Ah, the Tuesday after a long weekend: when everyone at work gives off the faint odour of hot Lake Ontario goo, and that's okay. In the news: a cyclist dies in the west end and two brothers drown in the east, King Street West restaurant owners not happy about new condo proposal, no more poetry on the subway, and cabbies consider a protest.
A cyclist died on Monday evening after his tires got stuck in some old streetcar tracks in the Wychwood Avenue and St. Clair Avenue West area. The victim is believed to be a man in his forties. There were no other vehicles involved in the accident. Police say the man was not wearing a helmet, but the official cause of death has yet to be determined.
More sad news: two brothers drowned in Lake Ontario on Monday. Paramedics recovered the bodies of an 18-year-old and a 22-year-old in the water near the R.C. Harris filtration plant.
Imagine a day in Toronto that didn’t include a news item about condos and/or a quote from Adam Vaughan (Ward 20, Trinity-Spadina). Nope! Don’t! Because that day will never come. Here we have some King Street West restaurateurs in a tizzy about a proposed new 47-storey tower between Peter and Widmer Streets. They say the influx of tall buildings creates so much wind that plates are blown from tables, and blocks so much sunlight that 75-year-old Ailanthus trees don’t get their fair share (yes, that is an actual complaint). Adam Vaughan says stuff about preserving heritage while forging ahead. And, scene.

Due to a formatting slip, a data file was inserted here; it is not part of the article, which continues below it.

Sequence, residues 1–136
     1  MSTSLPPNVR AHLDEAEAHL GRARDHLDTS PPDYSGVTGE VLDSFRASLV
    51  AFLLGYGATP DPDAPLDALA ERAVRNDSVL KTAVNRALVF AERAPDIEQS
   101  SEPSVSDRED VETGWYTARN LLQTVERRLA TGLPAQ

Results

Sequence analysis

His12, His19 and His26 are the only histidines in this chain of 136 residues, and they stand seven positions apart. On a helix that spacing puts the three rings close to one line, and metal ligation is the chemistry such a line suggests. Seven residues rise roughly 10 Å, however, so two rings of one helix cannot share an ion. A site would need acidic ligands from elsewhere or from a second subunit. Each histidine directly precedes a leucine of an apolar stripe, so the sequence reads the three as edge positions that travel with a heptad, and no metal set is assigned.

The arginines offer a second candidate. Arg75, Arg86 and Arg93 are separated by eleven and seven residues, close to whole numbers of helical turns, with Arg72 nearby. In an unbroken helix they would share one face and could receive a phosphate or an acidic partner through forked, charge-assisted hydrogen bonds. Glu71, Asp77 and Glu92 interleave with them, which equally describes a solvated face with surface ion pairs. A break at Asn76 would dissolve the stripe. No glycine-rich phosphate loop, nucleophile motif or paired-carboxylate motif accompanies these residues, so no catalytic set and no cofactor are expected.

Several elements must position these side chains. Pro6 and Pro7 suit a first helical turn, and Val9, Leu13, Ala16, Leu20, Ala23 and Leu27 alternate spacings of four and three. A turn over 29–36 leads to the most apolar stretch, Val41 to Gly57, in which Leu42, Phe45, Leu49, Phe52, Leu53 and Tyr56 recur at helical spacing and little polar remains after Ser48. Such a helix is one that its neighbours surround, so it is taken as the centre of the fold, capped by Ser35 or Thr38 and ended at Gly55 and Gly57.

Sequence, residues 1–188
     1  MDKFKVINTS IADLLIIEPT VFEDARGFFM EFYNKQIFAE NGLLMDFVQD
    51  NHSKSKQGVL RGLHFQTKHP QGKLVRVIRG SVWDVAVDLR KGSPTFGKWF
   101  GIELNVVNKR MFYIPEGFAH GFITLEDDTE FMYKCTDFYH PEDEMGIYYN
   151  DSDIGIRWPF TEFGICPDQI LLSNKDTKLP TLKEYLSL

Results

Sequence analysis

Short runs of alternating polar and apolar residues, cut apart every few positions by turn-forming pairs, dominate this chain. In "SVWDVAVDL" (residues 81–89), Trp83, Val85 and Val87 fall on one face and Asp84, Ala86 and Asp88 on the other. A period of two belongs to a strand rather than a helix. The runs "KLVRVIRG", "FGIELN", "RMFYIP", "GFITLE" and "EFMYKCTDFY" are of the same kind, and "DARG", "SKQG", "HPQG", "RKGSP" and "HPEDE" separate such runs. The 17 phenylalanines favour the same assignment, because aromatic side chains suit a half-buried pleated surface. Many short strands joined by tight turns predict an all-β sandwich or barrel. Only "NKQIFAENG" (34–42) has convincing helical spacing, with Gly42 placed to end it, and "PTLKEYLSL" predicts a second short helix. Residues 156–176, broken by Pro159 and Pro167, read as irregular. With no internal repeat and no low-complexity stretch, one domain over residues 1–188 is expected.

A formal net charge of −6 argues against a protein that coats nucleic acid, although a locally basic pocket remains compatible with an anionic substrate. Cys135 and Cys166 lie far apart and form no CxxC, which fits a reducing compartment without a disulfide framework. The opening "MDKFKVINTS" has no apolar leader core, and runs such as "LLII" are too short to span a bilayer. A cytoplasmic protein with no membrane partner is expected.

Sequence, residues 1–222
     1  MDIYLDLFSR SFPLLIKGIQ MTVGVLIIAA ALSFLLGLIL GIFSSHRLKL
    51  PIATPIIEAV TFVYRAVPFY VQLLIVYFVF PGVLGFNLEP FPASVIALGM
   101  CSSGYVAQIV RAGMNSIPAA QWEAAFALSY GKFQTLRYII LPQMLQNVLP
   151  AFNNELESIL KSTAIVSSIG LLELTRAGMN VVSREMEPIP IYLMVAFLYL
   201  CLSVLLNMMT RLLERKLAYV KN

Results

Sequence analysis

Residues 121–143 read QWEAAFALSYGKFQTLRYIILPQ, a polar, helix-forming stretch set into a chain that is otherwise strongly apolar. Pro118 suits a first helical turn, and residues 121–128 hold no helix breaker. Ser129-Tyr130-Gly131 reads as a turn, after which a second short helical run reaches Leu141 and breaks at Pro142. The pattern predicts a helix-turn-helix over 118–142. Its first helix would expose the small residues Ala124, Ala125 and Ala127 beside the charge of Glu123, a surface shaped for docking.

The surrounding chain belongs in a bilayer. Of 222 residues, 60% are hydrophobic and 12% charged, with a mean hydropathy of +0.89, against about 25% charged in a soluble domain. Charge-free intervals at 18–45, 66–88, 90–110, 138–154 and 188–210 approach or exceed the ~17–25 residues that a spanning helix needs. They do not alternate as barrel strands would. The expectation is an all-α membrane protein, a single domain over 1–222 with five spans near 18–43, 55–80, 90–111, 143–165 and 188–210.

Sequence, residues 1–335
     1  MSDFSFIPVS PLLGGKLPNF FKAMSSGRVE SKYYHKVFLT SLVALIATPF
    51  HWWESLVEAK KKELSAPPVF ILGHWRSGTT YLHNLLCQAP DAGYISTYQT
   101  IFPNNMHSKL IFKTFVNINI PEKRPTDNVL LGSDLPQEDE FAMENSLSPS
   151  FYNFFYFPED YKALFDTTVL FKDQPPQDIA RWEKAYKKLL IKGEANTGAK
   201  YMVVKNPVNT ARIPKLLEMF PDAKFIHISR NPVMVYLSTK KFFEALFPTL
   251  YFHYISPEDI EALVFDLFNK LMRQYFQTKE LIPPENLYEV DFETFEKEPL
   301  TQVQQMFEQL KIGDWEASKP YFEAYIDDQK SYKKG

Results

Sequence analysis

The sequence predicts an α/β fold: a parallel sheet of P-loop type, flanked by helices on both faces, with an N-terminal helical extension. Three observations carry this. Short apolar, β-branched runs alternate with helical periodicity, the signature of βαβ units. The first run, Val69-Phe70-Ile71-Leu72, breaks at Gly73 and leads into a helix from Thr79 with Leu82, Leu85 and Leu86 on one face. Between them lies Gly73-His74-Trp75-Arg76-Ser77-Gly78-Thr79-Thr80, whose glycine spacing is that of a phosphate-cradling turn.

Has your subway ride of late felt long-lasting and vicious? Per chance one could venture to label the labour pernicious? So much the so that some days you just might allow thoughts of wild rampage to the the clothed seats, so contrite. And when some of your thoughts wander off into the seditious, alas, look up at the lack of good wishes. For there above your head you no longer see, pacifying words formed into poetry. (Because funding for the Poetry on the Way program ended and no one has heard from the guy who was behind the program.)
Cabbies are getting tired of tickets and feel like protesting instead. Sajid Mughal, the president of the iTaxiworkers Association of Ontario, told the Sun that cabbies are fed up with getting tickets for a range of things, including waiting for fares in zones not designated as taxi stands. So Mughal made a call to the Municipal Licensing and Standards people, but if that doesn’t do anything he says “we’ll go for a protest.”